Wednesday, May 7, 2014

The meaning of May Day and our responsibility to stand with “lawbreakers”

Posted By on Wed, May 7, 2014 at 12:50 PM

click to enlarge TAYLOR WEECH
Taylor Weech

Spring dresses or police barricades? Maypole dance or march? In school, May Day was all about making some type of paper cone receptacle for flowers to be anonymously left on neighbor’s doorsteps. There was a schoolyard-appropriate dance involving a pole. As students grow out of seasonal craft projects in their curriculum, the day fades back into obscurity.

Many countries celebrate May 1 as a public holiday focused not on spring, but on workers’ rights. The U.S., which is not one of those countries, put significant effort into rebranding International Workers Day throughout the 20th century with efforts including Americanization Day, Loyalty Day and Law Day, while redirecting the focus on labor issues to September’s Labor Day. Despite those efforts, workers have kept the origins of May Day — which is placed at the beginning of the month to mark the Haymarket Affair in Chicago in 1886 — in mind when planning observance through general strikes, public demonstrations and other collective actions in defense of workers’ rights.

In 2006, the focus of activists and workers shifted to highlight the struggle of immigrants, particularly those from Mexico, in the U.S. Among low-wage workers in this country, Latino immigrants face all of the hardship visited on other workers, plus the threat of deportation and the racist and xenophobic fears of their neighbors, pushed hard by the corporate-owned conservative mass media. That year, immigrant activists promoted the Great American Boycott, also known as “A Day Without An Immigrant,” to highlight the value of the work done by people coming here from Mexico and elsewhere in Latin and South America.

Demonstrations cropped up all over the country, concentrated in California and other agricultural areas that most heavily depend on migrant workers, including Eastern Washington. That year, MEChA de EWU organized a march in downtown Spokane to bring the issue of immigration reform and its intersection with workers’ rights to light. This video shows some of the ignorant attacks they faced and shares the message of human rights and dignity that the marchers wished to express.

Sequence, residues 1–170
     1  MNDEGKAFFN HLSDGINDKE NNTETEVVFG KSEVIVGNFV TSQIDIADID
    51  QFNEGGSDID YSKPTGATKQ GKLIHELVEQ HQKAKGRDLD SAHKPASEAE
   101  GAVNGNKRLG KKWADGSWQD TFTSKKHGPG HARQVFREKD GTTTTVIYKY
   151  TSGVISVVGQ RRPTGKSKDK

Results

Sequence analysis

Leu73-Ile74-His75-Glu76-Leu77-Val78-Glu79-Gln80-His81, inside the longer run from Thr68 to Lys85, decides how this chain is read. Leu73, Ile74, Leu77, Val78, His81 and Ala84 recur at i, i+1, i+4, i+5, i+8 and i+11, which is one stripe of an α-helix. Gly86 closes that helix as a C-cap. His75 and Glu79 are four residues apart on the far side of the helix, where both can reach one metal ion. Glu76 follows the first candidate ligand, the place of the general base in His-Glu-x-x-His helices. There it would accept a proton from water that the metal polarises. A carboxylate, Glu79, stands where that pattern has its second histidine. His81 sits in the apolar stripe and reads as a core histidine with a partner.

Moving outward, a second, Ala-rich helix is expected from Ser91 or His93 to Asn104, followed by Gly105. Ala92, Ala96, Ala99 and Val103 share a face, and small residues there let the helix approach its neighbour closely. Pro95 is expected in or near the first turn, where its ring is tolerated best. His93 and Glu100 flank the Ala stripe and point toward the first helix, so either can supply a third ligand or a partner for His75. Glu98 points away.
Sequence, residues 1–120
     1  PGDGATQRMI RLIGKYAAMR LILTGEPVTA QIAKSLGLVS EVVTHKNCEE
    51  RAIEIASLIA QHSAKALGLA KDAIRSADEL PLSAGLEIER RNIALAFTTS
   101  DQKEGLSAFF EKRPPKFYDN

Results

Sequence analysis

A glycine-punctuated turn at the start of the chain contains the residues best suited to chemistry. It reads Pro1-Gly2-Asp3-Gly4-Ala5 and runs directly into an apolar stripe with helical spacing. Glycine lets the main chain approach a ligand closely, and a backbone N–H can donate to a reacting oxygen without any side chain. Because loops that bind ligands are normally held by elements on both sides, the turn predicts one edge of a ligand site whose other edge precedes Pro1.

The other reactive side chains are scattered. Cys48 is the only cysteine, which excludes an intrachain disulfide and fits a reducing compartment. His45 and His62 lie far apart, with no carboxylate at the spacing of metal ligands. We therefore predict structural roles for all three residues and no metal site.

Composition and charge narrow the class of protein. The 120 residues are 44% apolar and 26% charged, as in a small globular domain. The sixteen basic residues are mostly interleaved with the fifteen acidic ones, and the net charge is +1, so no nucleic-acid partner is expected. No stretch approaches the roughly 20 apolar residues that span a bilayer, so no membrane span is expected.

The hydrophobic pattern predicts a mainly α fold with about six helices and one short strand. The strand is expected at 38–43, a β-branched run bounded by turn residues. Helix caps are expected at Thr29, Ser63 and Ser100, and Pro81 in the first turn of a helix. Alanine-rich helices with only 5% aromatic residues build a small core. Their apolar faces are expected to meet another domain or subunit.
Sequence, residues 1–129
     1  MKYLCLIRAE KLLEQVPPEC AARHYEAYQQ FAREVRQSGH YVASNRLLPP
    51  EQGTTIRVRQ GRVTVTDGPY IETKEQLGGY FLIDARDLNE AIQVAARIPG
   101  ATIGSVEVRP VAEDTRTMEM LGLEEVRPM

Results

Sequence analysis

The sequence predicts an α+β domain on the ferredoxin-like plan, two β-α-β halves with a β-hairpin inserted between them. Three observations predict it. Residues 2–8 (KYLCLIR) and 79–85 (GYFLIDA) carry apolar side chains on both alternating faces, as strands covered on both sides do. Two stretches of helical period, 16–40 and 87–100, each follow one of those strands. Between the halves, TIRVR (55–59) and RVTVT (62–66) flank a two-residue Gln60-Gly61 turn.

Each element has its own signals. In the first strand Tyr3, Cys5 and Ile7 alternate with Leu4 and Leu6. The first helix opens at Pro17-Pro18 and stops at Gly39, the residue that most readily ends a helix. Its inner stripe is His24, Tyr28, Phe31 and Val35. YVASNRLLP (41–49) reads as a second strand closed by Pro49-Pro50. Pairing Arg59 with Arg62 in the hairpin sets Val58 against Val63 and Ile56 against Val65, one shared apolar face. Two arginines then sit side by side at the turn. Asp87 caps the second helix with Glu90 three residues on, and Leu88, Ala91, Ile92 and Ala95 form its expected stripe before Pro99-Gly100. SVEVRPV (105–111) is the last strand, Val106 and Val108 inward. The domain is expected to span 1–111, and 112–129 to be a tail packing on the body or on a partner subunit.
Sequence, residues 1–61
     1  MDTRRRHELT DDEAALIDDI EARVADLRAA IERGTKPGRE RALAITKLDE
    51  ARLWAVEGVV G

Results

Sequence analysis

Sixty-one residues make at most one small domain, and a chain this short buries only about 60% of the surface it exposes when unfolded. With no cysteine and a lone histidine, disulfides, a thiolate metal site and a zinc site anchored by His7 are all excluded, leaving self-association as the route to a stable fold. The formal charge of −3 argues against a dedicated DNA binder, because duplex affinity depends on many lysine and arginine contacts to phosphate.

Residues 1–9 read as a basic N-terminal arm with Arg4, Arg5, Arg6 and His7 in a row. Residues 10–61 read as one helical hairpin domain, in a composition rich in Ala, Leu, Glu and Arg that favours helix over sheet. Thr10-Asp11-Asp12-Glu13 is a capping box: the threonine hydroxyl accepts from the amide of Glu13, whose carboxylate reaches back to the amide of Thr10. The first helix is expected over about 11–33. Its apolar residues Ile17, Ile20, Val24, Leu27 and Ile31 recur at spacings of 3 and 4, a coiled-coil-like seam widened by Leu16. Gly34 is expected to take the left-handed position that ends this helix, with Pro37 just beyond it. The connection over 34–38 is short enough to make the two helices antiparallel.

This year, student leaders with MEChA (Movimiento Estudiantil Chicano de Aztlán) de EWU partnered with organizations throughout the community to march, as they have in years since 2006, to continue spreading their message. To my knowledge, there were no attacks on the marchers, verbal or otherwise, like the ones shown in the videos. There was no counter-protest and bystanders on the sidewalk were overwhelmingly supportive, lending cheers and applause, raising fists and peace signs, and in at least one case, joining in the march. Perhaps in this case, common sense is beginning to triumph over fear-driven nationalism among the general public. I hope it is true.

One group of people who can help undo the damage done by the aggressive, racist rhetoric around Mexican immigration is the media. The only media mention of this event was a story the day before on KREM, which repeatedly referenced the “worry that violence could come to the Lilac City,” based on police attacks and vandalism at May Day demonstrations throughout the Northwest in the past. Fears were allayed by citing the number of police officers who would be present at the march. This sensational focus takes the story back to the realm of fear and overshadows the message of peace and equality. While it’s good to shed light on a story like this, and to interview organizer Jackie Vaughn about the reasons for marching, it is also unhelpful to continue to use the phrase “illegal immigrant.”